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Apartheid’s paedophiles: ‘Magnus Malan and others in sex orgies with young boys’

2018-08-05 08:16

General Magnus Malan, who in the 1980s was the most powerful man in South Africa after apartheid state president PW Botha, was a paedophile who took part in sex orgies with young boys during “fishing excursions” on Bird Island near Port Elizabeth.

This stunning allegation against the former minister of defence is made in the book, The Lost Boys of Bird Island, which hits the shelves today.

The book was written by former narcotics branch policeman Mark Minnie and investigative journalist Chris Steyn.

The writers say another prominent minister, who was at that time viewed as “a possible presidential candidate” was also part of the Malan paedophile ring.

Unlike Malan – who died aged 81 of a heart attack in 2001 – this minister is still alive.

His name is being withheld in the book on legal advice.

Magnus Malan, the apartheid minister of defence, preyed on young boys who called him a ‘cruel uncle’ and nicknamed him ‘Ears’.

For more than 30 years and completely independently of each other, Minnie from Port Elizabeth and Steyn from Cape Town had been investigating allegations of paedophiles in the upper echelons of the National Party.

Powerful players in their respective organisations ensured that their efforts came to naught.

But now, three decades later, the two are telling their stories in The Lost Boys of Bird Island.

The common denominator that brought the paedophile ring to light was two strange and sensational “suicides” early in 1987.

The bodies of Dave Allen (37), a well-known and wealthy unmarried Port Elizabeth businessman and police reservist, and John Wiley (60), a National Party minister, were found within weeks of each other with bullet wounds to the head.

Wiley, a good friend of Malan, was married and lived in Cape Town. Wiley and Allen had been close friends since 1977.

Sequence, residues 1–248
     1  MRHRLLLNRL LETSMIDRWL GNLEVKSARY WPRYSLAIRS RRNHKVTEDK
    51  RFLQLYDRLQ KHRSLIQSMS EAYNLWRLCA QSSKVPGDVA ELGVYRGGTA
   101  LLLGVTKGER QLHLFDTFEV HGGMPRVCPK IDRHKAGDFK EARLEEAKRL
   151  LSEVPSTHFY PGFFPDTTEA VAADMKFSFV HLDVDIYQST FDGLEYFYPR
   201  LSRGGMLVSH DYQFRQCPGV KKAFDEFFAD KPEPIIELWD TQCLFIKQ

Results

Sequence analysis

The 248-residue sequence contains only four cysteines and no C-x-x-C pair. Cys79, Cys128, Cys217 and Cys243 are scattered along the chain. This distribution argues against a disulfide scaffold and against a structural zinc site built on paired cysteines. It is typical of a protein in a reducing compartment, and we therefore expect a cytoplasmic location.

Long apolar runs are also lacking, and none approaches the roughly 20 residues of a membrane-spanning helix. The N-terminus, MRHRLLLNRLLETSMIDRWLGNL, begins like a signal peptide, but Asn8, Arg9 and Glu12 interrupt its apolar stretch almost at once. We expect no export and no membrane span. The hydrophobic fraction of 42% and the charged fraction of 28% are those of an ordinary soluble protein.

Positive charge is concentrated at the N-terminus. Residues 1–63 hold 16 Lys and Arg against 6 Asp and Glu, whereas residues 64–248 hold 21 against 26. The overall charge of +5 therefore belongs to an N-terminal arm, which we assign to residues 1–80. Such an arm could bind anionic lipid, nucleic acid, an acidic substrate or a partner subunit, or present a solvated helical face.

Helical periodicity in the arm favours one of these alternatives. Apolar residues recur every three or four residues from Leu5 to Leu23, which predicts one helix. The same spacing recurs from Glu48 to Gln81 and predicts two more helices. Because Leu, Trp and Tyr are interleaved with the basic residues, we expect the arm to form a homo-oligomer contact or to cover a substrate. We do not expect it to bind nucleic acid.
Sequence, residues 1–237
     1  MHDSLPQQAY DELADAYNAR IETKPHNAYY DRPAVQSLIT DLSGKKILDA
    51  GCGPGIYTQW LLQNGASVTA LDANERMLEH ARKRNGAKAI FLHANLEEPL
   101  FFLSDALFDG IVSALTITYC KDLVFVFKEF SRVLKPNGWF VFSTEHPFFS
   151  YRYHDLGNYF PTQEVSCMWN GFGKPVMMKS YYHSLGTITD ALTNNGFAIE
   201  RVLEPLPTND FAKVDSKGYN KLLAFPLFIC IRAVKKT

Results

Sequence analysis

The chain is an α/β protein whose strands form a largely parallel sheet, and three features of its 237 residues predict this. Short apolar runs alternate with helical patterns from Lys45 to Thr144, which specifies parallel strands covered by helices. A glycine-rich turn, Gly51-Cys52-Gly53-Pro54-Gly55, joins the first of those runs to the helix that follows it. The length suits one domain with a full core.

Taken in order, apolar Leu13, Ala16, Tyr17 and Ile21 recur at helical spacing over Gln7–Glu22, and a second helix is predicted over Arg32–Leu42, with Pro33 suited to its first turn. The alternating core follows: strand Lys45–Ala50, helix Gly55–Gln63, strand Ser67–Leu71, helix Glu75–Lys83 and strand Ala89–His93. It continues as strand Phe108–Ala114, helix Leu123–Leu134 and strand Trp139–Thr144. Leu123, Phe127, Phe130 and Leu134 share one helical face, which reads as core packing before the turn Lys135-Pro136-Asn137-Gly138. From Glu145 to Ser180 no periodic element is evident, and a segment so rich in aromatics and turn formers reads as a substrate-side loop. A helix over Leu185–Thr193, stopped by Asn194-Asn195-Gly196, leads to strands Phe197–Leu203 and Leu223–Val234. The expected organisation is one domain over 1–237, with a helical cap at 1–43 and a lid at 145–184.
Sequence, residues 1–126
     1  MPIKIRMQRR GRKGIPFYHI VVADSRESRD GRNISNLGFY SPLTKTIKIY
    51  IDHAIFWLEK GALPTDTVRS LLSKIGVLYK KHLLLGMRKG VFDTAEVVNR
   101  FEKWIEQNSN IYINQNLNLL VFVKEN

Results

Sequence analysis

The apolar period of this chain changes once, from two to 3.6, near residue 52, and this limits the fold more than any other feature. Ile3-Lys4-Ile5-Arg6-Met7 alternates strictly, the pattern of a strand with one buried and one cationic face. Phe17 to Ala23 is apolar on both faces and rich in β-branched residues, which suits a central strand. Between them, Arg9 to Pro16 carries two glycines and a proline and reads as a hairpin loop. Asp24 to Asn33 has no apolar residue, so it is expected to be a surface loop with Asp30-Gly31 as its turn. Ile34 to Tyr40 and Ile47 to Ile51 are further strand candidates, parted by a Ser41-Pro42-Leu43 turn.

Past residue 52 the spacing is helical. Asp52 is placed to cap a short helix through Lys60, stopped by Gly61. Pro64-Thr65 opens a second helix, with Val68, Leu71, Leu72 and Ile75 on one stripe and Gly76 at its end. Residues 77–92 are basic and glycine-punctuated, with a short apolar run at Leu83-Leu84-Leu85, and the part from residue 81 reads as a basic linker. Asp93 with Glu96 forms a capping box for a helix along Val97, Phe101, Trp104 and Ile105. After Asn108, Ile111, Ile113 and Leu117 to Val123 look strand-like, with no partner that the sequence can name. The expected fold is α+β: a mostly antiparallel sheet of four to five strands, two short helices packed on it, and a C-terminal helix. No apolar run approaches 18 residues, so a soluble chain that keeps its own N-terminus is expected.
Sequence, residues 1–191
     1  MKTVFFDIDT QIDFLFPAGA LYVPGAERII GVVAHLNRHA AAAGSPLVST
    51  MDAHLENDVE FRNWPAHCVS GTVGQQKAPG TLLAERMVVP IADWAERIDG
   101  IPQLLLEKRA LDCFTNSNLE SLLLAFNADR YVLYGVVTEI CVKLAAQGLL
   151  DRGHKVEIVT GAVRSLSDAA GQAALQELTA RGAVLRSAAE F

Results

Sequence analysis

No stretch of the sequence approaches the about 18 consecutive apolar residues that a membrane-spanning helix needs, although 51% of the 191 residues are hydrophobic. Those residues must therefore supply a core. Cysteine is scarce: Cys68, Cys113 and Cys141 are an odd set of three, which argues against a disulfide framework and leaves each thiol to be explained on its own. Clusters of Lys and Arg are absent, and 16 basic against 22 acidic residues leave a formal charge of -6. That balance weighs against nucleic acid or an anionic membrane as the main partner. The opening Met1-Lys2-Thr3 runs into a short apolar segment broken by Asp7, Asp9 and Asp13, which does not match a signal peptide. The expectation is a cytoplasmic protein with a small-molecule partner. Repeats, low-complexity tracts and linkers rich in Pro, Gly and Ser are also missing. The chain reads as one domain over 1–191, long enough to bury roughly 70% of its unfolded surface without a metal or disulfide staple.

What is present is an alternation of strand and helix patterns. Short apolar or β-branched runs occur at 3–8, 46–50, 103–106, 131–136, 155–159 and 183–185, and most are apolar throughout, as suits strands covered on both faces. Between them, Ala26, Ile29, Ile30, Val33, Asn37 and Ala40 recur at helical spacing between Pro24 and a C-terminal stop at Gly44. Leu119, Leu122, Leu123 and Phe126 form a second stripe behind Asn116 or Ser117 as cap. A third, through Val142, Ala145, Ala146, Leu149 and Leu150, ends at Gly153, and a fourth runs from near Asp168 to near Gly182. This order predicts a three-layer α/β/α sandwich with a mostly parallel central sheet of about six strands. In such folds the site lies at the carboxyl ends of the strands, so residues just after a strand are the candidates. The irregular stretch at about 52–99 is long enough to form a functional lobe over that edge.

John Wiley and Magnus Malan with PW Botha

Among the writers’ shocking revelations are that:

• The boys, who were mostly coloured and in their early teens, were – with Malan, Wiley and Allen – flown to Bird Island in helicopters belonging to the then SA Defence Force (SADF). Once there, they would be plied with braaied meat and alcohol, after which they were sexually abused by the men;

• On one such occasion, a pistol was allegedly inserted into the anus of one of the boys. A shot was fired – their sources say by Malan – and the critically injured boy was flown by helicopter to a hospital in Port Elizabeth;

• Men in suits stood guard while the coloured child was secretly treated in the white side of the government hospital. His family and the hospital matron were paid for their silence. ;

• Malan was described as an especially “cruel uncle” by the boys, who called him “Ears” because of his prominent ears;

• Apart from Bird Island, the paedophile ring of senior National Party officials also took boys to Allen’s luxurious house in Schoenmakerskop near Port Elizabeth and to a beach house in Witelsbos in the Tsitsikamma forest, 82km west of Jefferys Bay; and

• According to Steyn’s sources, which included two army agents and a retired policeman, Malan was the “most likely contractor” of the hitmen who murdered Wiley and Allen. One of the sources claimed that the third minister who was “seen as a possible presidential candidate” should not be overlooked for his role in the deaths.

Minnie carefully compiled a file – including statements and tape recordings – to take Malan to court.

But this file was removed from his office one day without his knowledge by a “Brigadier Schnetler” and “two highly placed officers from head office in Pretoria”.

Minnie did not get it back and his investigation was scuppered.

But even before the file was taken, the chief state prosecutor in Port Elizabeth warned Minnie in “fat red letters” written on the docket: “Any investigation into this matter should be discontinued immediately.” Signed: “John Scott.”

Minnie, then a warrant officer, continued his investigation in secret. He later resigned and started working undercover as a paid police informant. Eventually, he left the police.

The former policeman reveals a deep personal secret in the book – that he was raped at the age of 12 by 16-year-old twin brothers.

This was, he says, what drove him to write the book about the paedophile ministers, despite interference from on high, threats and an attempt on his life.